Millions in rental and utility assistance still available for Kansans as end of eviction moratorium nears

photo by: Mike Yoder/Journal-World File Photo

Houses in a neighborhood just west of downtown Lawrence are shown in this file photo from November 2011.

A nationwide ban on evictions due to the coronavirus pandemic is expected to expire Saturday, meaning that tenants who have fallen behind could soon be asked to pay their back rent or be forced to vacate their homes. However, those whose back rent is related to the pandemic can still take advantage of millions of dollars in assistance.

Congress has allocated nearly $47 billion in rental assistance that is supposed to help tenants pay off months of back rent, as the Associated Press reported. But through June, only about $3 billion of the first tranche of $25 billion had been distributed by states and localities.

That includes millions that are still available to Kansans who have fallen behind on their rent because of the pandemic. The Kansas Housing Resources Corporation was awarded $200 million in February in statewide rental and utility assistance through a federal coronavirus relief grant, and applications for the program opened March 15, according to a state announcement. The Kansas Emergency Rental Assistance (KERA) program is distributing the funding, and according to its website, it has only awarded about $21.7 million in assistance so far, meaning there is more than $178 million in assistance left.

A local housing counselor encouraged people who could face eviction to seek assistance from the KERA program.

Teresa Baker, interim executive director and program manager for Housing and Credit Counseling, said that once the moratorium was lifted, landlords could begin the eviction process, even for those who had lost income due to the pandemic. Under the moratorium, those who owed back rent related to job loss or other economic impacts of the pandemic — such as having to stay home with children who were doing virtual school — could not be evicted.

Baker said that throughout the pandemic the counseling center, which serves both Lawrence and Topeka, had not received a lot of calls from renters, but it is preparing for that to change now that the moratorium is expected to end.

“We don’t know what’s going to happen, but we are trying to gear up in case we get a lot of phone calls,” Baker said.

The Biden administration announced Thursday that it would be allowing the nationwide ban on evictions, which was put in place last September by the CDC, to expire on Saturday, as the Associated Press reported. The administration argued that its hands were tied after the Supreme Court signaled it would only allow the moratorium to be extended through the end of July. Instead, the administration called on Congress to extend the moratorium, but that has not happened so far.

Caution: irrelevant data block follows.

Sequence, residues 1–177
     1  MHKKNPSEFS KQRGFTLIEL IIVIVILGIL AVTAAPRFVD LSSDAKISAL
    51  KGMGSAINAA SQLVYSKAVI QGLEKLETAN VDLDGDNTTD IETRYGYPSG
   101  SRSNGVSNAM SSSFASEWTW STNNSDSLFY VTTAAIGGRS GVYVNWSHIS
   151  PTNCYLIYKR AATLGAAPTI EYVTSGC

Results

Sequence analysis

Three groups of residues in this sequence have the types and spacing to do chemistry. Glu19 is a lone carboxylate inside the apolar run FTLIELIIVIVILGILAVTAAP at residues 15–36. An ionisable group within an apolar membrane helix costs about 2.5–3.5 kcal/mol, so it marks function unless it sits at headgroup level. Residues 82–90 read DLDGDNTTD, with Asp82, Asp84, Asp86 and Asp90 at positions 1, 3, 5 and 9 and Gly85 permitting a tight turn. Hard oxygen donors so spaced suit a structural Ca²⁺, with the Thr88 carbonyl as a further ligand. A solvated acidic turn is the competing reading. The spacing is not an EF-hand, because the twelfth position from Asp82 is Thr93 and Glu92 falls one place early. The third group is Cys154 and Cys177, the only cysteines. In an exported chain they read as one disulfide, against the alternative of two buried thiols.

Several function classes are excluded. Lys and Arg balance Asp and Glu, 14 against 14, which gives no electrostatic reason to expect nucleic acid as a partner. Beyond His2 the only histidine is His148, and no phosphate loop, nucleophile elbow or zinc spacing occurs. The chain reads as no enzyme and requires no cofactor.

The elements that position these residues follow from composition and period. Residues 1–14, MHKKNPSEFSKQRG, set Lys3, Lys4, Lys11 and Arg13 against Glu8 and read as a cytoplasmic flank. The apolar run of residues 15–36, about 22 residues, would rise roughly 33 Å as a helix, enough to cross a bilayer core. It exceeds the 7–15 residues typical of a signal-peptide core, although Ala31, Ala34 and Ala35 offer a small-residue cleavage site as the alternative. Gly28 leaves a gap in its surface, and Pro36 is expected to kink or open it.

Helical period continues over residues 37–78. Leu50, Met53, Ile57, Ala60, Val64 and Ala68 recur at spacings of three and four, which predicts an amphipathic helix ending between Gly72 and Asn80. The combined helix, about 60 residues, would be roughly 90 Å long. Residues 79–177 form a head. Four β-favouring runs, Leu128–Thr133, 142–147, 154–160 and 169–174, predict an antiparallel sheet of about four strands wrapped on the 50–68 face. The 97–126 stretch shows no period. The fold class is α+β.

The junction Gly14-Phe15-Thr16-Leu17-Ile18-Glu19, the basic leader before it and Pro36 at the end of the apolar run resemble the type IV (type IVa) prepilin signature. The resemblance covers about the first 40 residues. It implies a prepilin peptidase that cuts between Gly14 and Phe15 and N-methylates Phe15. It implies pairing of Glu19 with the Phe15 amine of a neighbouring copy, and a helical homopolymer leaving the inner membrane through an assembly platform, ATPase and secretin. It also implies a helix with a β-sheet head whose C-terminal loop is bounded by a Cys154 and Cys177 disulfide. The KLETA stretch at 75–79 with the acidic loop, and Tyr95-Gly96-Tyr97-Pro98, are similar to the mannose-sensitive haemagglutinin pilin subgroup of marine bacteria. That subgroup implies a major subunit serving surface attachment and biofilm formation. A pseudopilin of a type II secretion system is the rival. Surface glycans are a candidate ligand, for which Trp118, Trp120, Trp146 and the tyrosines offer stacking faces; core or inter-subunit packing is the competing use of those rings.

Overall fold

The center also works with landlords, and Baker said many have said they are trying to work with tenants who owe back rent. Baker encouraged tenants in that situation to try to reach out to their landlords and ask about a payment plan or other options before the eviction process begins.

When it comes to the eviction process, Baker explained that tenants could have anywhere between a few weeks and about a month to respond and avoid having to leave their home for nonpayment. She said the process begins with a notice to the tenant to pay or vacate within 72 hours, or three days. If payment isn’t made in full, then the landlord or property owner can file for the eviction on the fourth day. She said while the timeframe could vary depending on the city, a court hearing would be set in as little as a few weeks or as much as a few months. For those in Lawrence and Topeka, she said it’s usually about a month but could be less. Unless the tenant can dispute that they owe the money (in which case a court date will be set), the eviction is granted and the tenant will be told a date to vacate. Baker urged tenants in that situation to vacate by the deadline.

“We stress to follow that because we care and don’t want them to lose belongings,” Baker said. She said if tenants do not vacate by the deadline and wait until law enforcement serves a removal order, they will only have 10 or 20 minutes to get their personal belongings out of the property before the locks are changed.

However, for those whose back rent is related to the pandemic, Baker noted that the KERA program can pay up to 12 months of back rent as well as other housing-related expenses.

According to the KERA program website, to be eligible for the program, tenants must meet certain income requirements; at least one member of the tenant household must have experienced documented financial hardship as a result of the pandemic; and at least one member of the household must be at risk of becoming homeless or must be uncertain of where they will stay without housing assistance. The rent or bills must have been charged after April 1, 2020. In addition to going toward past-due rent, the assistance can cover up to three months of prospective rent at a time, even if the tenant does not owe back rent. Assistance can also go toward past-due or prospective utility or internet bills, as well as fees associated with past-due rent or bills. More information about eligibility criteria and a link to apply is available on the program website,

There are also programs and options available for those who have fallen behind on mortgage payments, including the ability to request forbearance. More information about that process and other resources are available on the U.S. Department of Housing and Urban Development website,

Baker said the center has both tenant and mortgage counselors, including HUD-certified counselors who can help with forbearance, and those who need assistance or have questions can call Housing and Credit Counseling at 800-383-0217.

Contact reporter Rochelle Valverde

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